Mike Anderson’s Latest Flame Out Shows Musselman’s Value to Arkansas
As of Sunday night, Eric Musselman became the first Arkansas coach since Nolan Richardson to lead the Razorbacks to three straight NCAA tournaments. He is only the third coach in school history to achieve this feat. It’s a wild thought, considering Arkansas’ basketball records date back to 1923-24, and it’s something that should make Musselman and the program feel accomplished.
Unfortunately, it also feels a bit hollow. By getting a first-round date with Illinois on Thursday, Arkansas secured its postseason spot in the Big Dance over an underperforming season that ended with whimpers from Arkansas, which lost four of its last five games. With an 8-10 SEC regular-season record, the Razorbacks become only the fifth team in the past two decades to reach the NCAA tournament with a Southeastern Conference loss record.
The expectations of March Madness are therefore mixed. Arkansas has been a top 10 team on select points this year. Granted, that was in December when Trevon Brazile was still losing for the season. With Nick Smith Jr.’s knee now healthy, the talent that remains on the playable list suggests a third straight Elite Eight heat — which it’s never heard of in school history — might not be considered the biggest shock would apply (although still a moderate one considering the team’s distance running).
But a first-round loss before the Hogs even get a shot at likely second-round opponents Kansas would be far less surprising.
In many ways, the 2022-23 season in Arkansas felt awfully familiar. No, not the three losses where the Hogs held a double-digit lead. No, I haven’t lost the biggest halftime lead in over a decade. But a good, not great, overall record alongside a .500 SEC season was Mike Anderson-esque. Incidentally, the same Mike Anderson who was sacked by St. John’s over the weekend after four mediocre seasons with the Red Storm.
Mike Anderson and Eric Musselman
Anderson’s problems in New York City weren’t quite the same as Musselman’s in Fayetteville, although they were the same as those he had while running the Hogs program from 2011 to 2019. St. John’s was regularly offensively disorganized, the same complaint was made to the Razorbacks when Anderson was at UA. Arkansas has had problems like this at various points this season as well. The Razorbacks’ rating stuttered: sometimes they looked unstoppable, sometimes they were unbeatable.
Mike Anderson’s teams had nowhere near Musselman’s talent. Certainly Bobby Portis, perhaps the best Arkansas NBA player since Joe Johnson, was a dynamic player. But Nick Smith Jr. is a likely lottery pick. It could also be Anthony Black. Trevon Brazile and Jordan Walsh could be first-round picks if they are expected to enter the draft after next season. Moses Moody was a first rounder. Mason Jones was the must-have SEC Player of the Year despite being recruited by Anderson. But with a team more talented than any Musselman or Anderson in college before, the disappointment Arkansas believers feel on the road to big dancing is understandable.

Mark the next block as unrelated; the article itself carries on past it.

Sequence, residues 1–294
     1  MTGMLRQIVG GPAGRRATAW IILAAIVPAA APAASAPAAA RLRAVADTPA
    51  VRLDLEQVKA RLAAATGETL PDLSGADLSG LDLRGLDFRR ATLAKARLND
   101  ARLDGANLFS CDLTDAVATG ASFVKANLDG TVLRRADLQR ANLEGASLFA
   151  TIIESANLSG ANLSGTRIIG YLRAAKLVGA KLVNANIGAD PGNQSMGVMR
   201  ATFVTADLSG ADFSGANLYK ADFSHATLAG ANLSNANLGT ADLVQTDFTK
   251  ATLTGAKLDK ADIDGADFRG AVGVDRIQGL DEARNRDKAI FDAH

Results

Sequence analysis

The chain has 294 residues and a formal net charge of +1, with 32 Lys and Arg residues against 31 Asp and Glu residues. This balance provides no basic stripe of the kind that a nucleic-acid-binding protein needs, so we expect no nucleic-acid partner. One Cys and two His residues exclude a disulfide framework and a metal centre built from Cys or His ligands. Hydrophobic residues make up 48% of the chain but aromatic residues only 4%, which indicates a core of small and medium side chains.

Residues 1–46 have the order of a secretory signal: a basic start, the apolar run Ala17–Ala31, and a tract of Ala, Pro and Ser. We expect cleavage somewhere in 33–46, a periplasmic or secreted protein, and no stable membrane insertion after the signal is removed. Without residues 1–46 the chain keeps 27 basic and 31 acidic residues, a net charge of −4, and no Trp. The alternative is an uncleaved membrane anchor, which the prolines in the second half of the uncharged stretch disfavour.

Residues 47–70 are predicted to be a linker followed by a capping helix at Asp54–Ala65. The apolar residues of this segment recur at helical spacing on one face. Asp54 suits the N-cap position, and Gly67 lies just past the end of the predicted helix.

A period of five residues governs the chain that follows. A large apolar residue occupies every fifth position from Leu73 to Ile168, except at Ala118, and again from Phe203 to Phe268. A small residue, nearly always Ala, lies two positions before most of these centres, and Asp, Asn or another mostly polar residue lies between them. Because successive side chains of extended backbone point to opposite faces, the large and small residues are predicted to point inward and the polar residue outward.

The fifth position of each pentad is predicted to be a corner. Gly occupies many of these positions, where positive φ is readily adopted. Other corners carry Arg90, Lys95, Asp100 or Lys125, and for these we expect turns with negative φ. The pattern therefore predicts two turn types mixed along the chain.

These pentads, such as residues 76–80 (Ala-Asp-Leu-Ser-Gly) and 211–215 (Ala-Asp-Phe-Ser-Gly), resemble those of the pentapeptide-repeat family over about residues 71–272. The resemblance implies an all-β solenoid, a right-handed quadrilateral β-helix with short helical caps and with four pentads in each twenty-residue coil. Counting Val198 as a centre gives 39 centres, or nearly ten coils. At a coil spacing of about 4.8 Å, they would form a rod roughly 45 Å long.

It’s also a drain on Musselman, who doesn’t deserve some of the criticism his way has been drawing this year. The man has guided Arkansas into the Elite Eight for the last two seasons by shouting out loud. Even if he hadn’t lost Brazile for the whole season and Smith for most of it, he still deserved a pass with a .500 second record.
That being said, Saturday’s phone incident at the SEC tournament was a bad sight for the program (admittedly not for Musselman himself; although the adage goes that a program should reflect the coach who runs it). Musselman was an easy target for fans of Arkansas’ opponents, his short-tempered nature on court and his occasional quip off it, as the man doesn’t like answering questions after losses. It all earned him votes for the most dislikes in the SEC after John Calipari in Kentucky.
Anderson never got those votes. Aside from the Missouri fans, he was very popular with opponents and also moderately popular with fans of his program. But he also never took the Razorbacks to Eric Musselman’s heights. With winning comes jealousy from the outside. No doubt Musselman suffers, and now that Arkansas is struggling, he’s easy prey for those holding grudges.
The Future of Arkansas Basketball
Whatever happens to Arkansas in the big dance is likely moot when it comes to Muss’s return to Arkansas. He is the son of a longtime NBA coach and has also been there once as a leader. If the professional ranks came knocking again, he’d probably be listening. The Razorbacks making another deep run could be the reason NBA teams are closing in.
Or maybe, if this season has indeed been as frustrating as he has said in numerous post-game press conferences, the leap may come sooner rather than later. The transfer portal and the NILs don’t make things easier with the trainers, they make them more complicated.
That’s not to say that Must is going anywhere. A contract worth more than $4 million a year is a big reason he probably isn’t. But possibility will always hover over us. That’s the price. Arkansas has emerged as a dominant program with Eric Musselman at the helm, more dominant than under Mike Anderson, John Pelphrey, or Stan Heath. Or, going back to before Eddie Sutton, better than the era of Lanny Van Eman, Duddy Waller, or anyone before that.
The cost of winning is questions like this. And the moment things get crazy like they’ve done this year, do fans really want to kick him to the side of the road? You better not, because history has shown that with two legends in 100 years and Eric Musselman a clear No. 3, chances are the program is the best at getting another Mike Anderson.
Not half bad. But not what Arkansas wants.
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